This part of the process can either wait until the system is on its nighttime cycle or you can power off the lighting. It is important to disconnect any mechanical filters including filter socks, floss, foam block, activated carbon, or GFO. Also turn off the power to any pumps, skimmers, UV sterilizers, and power heads. Anything mechanical has the potential to chop up or filter out the pods before they even have a chance to settle. Since we are just talking about seeding your bulletproof refugium here, add the copepods to the refugium. You can either pour them in or use a pipette or baster to introduce the pods onto the rocks and macro. Just be mindful not to overfill your system since you’re adding water.
It is best to wait for an hour or so before turning on the power to any pumps and it is preferable to wait overnight or even a full day before powering on any mechanical filters.
Do I need to feed copepods in the refugium?
So, this is a bit of a controversial topic. The answer is yes, because we want our copepods to be at their healthiest so we will supplement their diet with live phyto. You can go without feeding pods and probably never see a decreased population. That’s because copepods will forage for food just fine on their own!
Pods will eat the detritus and film algae in the refugium. However, if the refugium is still relatively new or less than six months old on average, the pods will benefit from supplementation. Adding live phyto to the refugium can also help to increase your copepod population. When we designed OceanMagik Live Phytoplankton, we chose phyto species that were small enough to sustain nauplii that otherwise would starve in captivity.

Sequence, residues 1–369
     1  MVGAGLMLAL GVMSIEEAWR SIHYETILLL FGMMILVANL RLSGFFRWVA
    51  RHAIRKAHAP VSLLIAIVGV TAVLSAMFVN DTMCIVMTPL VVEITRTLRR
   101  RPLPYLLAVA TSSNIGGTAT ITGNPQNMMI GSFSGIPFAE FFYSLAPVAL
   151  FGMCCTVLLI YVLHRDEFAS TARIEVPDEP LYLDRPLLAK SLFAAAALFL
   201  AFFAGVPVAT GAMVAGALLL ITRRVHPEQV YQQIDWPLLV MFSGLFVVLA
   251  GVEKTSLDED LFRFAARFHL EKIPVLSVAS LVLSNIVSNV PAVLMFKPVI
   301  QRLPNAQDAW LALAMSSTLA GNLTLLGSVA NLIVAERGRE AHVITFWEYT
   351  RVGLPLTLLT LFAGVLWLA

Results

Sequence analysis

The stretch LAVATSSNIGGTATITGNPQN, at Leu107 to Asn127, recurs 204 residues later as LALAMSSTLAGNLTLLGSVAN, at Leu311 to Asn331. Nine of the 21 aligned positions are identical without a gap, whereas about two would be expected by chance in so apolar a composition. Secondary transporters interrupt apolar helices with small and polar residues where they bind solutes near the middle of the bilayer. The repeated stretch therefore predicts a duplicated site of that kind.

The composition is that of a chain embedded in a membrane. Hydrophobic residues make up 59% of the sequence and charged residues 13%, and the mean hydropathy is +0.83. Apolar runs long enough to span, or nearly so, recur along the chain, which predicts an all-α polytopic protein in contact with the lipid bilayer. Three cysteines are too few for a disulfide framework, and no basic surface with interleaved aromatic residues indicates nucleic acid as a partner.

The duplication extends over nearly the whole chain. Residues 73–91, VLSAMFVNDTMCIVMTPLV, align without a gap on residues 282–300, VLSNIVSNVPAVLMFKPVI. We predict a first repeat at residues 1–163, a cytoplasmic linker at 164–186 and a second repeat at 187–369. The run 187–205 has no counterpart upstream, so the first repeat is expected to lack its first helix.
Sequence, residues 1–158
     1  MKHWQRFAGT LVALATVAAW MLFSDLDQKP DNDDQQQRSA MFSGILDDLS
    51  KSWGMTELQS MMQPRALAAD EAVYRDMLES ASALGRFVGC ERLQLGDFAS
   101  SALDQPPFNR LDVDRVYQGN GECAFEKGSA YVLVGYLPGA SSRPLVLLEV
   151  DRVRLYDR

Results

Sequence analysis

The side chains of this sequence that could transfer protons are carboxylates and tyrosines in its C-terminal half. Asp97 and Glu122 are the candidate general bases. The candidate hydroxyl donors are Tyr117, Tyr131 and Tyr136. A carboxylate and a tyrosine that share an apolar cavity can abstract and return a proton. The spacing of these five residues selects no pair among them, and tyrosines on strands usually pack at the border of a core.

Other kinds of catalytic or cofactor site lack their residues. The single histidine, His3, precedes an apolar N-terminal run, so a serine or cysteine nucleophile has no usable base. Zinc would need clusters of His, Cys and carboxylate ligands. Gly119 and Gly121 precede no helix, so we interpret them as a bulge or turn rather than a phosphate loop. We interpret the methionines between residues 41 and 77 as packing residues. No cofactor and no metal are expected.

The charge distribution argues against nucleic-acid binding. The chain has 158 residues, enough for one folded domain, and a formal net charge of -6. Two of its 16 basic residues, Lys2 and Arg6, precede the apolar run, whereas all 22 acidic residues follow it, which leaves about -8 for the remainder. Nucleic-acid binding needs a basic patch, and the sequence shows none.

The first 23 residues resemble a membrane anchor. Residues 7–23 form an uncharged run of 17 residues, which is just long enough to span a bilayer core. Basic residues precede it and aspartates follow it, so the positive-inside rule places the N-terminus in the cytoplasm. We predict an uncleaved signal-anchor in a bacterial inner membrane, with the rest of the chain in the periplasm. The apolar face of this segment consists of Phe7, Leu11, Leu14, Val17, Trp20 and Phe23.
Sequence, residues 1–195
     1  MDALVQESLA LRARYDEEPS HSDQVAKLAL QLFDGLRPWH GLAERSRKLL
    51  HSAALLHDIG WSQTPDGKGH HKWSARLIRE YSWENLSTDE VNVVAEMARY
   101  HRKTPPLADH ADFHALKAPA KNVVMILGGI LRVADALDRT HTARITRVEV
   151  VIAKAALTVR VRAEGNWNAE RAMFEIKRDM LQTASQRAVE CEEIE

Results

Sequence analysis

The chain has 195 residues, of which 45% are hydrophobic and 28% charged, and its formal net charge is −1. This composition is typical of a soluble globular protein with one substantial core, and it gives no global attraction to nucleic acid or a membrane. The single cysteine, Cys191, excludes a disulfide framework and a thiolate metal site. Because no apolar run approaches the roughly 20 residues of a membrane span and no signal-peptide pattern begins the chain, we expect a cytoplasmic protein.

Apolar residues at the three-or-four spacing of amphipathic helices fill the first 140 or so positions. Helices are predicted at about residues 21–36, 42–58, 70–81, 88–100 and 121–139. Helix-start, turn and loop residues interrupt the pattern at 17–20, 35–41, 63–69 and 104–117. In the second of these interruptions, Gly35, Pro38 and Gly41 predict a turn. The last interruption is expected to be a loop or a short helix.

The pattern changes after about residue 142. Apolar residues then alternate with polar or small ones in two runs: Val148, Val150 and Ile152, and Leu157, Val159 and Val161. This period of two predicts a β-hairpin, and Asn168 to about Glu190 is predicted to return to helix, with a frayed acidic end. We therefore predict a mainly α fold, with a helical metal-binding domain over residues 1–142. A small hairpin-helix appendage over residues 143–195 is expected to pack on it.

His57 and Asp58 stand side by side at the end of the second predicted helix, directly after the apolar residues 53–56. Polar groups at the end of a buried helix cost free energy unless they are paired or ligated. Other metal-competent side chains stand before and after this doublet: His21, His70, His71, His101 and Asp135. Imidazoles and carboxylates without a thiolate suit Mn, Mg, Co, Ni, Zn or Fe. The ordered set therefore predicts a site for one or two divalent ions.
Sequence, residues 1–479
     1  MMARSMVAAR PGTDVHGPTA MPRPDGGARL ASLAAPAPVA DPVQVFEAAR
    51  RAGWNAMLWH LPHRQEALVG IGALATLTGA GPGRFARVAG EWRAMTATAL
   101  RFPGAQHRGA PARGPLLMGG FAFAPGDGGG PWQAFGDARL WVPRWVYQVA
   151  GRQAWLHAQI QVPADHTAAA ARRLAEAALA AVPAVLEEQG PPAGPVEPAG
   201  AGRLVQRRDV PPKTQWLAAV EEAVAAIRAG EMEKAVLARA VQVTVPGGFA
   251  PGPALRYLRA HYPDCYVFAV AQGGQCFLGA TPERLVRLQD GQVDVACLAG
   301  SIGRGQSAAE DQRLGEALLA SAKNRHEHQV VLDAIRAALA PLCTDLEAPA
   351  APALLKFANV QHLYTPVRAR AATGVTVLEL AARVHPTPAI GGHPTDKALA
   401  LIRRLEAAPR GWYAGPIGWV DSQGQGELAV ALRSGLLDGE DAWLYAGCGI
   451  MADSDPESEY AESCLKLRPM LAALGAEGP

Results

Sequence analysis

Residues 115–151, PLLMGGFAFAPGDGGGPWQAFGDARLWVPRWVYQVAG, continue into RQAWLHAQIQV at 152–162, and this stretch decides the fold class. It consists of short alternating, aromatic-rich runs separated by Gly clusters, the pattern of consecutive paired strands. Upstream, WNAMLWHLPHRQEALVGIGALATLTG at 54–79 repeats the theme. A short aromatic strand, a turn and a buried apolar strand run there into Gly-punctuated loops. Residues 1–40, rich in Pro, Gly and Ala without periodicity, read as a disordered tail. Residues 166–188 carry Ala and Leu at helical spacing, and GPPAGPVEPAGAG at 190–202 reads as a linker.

So, adding a daily dose of phyto won’t stop the pods from eating film algae and decaying waste. In fact, it does just the opposite! More copepods mean more detritus and algae, which will sustain adult copepods just fine, but if we are feeding the nauplii, they will grow up to eat more detritus and algae, and the cycle continues! OceanMagik Live Phytoplankton is doing even more behind the scenes because it feeds corals and reduces nutrients at the same time.
Should I put snails in my refugium?
The short answer to this question is: it depends! However, choosing the right snail is essential if you want the refugium to act as a filter. Cerith snails, are excellent in cleaning up algae and detritus. Trochus Snails and Nassarius Snails are two more potential choices for your refuge.
A lot of reef keepers plan to use snails for their clean-up crew in the display tank. Which is great! However, we suggest restricting the refugium population to just one species of snail and limiting the population. Too many snails in a small area can lead to starvation as there is too much competition for food.